We need to look at research regulation in Australia

Australia’s research is one of our great strengths. But the challenges of managing our research are many and complex.

From new vaccines to feature-length films, Australians have been responsible for discoveries and inventions that have both enriched and preserved lives globally. But our research is also muddled by an ever-changing and confusing regulatory landscape, fraught with byzantine bureaucratic processes and personal and financial motives that impact the credibility and usefulness of our contributions.

It’s easy to argue that the public deserves as strong a return on interest from research spending as possible, but the realities of funding and regulating our country’s research are the result of complex and intersecting factors.

“Publish or perish” is an aphorism popular in academia since the 1930s. Since its inception, pressure to publish has only crept upwards. The pressure to publish to secure funding and ensure career progression, as well as bias in what does get published, contribute to academic misconduct, including such practices as falsified data, fake citations and, as in a notable case in Australia, self-plagiarism to artificially inflate the apparent number of publications attributable to a researcher.

Nevertheless, funding is finite and need for funding is not. Research grants necessarily fall victim to the vagaries of relative scarcity.

The ABC has lately pointed out that, unlike most developed countries, Australia lacks a regulatory body for integrity in research—although we do have one for integrity in sports, of course. We still spend billions on research every year.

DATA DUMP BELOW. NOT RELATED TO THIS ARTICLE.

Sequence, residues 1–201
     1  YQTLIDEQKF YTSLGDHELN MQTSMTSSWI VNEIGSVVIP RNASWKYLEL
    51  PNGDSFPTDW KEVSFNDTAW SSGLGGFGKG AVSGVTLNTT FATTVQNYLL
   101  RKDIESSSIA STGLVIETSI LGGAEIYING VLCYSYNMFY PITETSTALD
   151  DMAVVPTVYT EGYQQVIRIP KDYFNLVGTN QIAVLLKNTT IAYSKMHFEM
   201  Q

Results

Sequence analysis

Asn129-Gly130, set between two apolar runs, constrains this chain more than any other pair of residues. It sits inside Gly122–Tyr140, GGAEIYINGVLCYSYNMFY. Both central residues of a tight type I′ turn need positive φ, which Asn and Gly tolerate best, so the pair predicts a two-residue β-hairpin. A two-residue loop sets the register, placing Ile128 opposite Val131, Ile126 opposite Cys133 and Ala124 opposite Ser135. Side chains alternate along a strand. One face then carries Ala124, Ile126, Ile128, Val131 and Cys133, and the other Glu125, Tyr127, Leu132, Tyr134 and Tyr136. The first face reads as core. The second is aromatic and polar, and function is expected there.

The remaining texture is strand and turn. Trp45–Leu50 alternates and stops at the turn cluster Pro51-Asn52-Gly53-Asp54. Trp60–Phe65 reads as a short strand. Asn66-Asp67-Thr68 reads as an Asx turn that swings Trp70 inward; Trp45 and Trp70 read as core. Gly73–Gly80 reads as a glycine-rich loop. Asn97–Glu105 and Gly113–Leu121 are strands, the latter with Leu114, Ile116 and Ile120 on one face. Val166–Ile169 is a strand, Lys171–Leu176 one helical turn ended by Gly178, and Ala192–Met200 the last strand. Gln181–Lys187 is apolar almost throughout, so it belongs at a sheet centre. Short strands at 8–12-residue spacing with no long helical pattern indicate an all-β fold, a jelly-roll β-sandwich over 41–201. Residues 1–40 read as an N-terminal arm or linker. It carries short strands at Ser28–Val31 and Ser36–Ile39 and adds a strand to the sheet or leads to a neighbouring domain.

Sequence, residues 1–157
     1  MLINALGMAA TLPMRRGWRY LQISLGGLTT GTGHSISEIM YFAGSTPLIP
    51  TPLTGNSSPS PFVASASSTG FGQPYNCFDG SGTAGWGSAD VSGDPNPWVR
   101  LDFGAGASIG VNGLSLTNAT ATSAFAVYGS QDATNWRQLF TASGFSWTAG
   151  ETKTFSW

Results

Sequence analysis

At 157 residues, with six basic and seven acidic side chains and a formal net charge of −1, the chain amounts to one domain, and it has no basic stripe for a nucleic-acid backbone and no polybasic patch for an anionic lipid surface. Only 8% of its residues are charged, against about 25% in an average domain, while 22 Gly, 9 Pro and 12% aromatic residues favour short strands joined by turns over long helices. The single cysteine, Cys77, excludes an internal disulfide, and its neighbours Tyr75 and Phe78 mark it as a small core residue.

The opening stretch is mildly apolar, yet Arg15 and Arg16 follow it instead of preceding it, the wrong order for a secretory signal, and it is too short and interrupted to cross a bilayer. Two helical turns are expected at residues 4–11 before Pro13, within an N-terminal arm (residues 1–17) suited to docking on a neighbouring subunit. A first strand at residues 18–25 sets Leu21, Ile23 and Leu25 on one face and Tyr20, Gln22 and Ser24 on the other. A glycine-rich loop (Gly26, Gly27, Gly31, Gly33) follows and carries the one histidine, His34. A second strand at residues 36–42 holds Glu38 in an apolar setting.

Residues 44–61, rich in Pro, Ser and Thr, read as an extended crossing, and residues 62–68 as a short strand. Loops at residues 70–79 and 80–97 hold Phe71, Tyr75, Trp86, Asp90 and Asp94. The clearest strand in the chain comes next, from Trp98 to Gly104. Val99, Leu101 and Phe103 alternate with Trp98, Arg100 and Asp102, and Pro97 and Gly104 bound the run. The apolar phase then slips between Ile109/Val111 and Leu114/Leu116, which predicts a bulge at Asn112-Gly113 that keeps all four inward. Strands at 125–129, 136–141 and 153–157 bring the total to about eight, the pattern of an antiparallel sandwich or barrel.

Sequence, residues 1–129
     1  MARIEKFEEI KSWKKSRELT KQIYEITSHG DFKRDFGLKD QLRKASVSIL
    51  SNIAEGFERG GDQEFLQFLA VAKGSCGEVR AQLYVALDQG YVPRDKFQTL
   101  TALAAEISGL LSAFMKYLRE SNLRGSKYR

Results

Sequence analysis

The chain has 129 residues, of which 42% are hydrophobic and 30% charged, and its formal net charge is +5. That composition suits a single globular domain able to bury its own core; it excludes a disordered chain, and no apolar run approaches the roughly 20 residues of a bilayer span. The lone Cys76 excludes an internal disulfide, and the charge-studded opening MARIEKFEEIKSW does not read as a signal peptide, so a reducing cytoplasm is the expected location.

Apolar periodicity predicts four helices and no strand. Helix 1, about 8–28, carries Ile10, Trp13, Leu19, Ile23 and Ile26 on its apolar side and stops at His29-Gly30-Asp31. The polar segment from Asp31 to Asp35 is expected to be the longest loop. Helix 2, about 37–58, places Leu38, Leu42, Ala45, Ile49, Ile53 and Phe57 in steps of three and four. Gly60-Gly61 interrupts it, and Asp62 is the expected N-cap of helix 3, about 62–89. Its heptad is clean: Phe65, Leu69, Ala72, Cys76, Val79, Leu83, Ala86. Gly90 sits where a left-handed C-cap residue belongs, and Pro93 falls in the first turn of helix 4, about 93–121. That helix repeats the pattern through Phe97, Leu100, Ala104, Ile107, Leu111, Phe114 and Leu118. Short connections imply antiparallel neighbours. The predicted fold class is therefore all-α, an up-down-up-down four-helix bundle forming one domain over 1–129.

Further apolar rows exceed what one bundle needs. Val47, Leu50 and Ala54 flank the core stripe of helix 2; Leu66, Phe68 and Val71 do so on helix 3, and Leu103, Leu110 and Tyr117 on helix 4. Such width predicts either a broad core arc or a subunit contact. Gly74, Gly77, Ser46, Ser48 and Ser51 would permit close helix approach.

Despite the push for an office of research integrity, it seems that no matter how egregious the transgression, there are systemic problems with our research regulatory and funding models that go far beyond academic misconduct.

On Christmas Eve the acting minister for education vetoed multiple previously-approved research projects, cancelling grants in such areas as early English literature and modern China. This drew widespread and international criticism of Australia’s research model for being vulnerable to political interference.

Earlier in 2021, the ARC also performed an about-face on the point of whether pre-print publications could be cited in grant applications. While pre-prints haven’t been subject to peer review, the convention is that academics who are experts in the area use them as representatives of cutting-edge research in their field in making applications. The ARC’s decision and subsequent change of mind rendered the grants application process unnavigable for many.

Regardless of how often the regulations governing universities and research institutions are altered—and it is often—we seem to be playing a perpetual game of catch-up with challenges wrought by a fast-changing world and long-ignored cultural problems.

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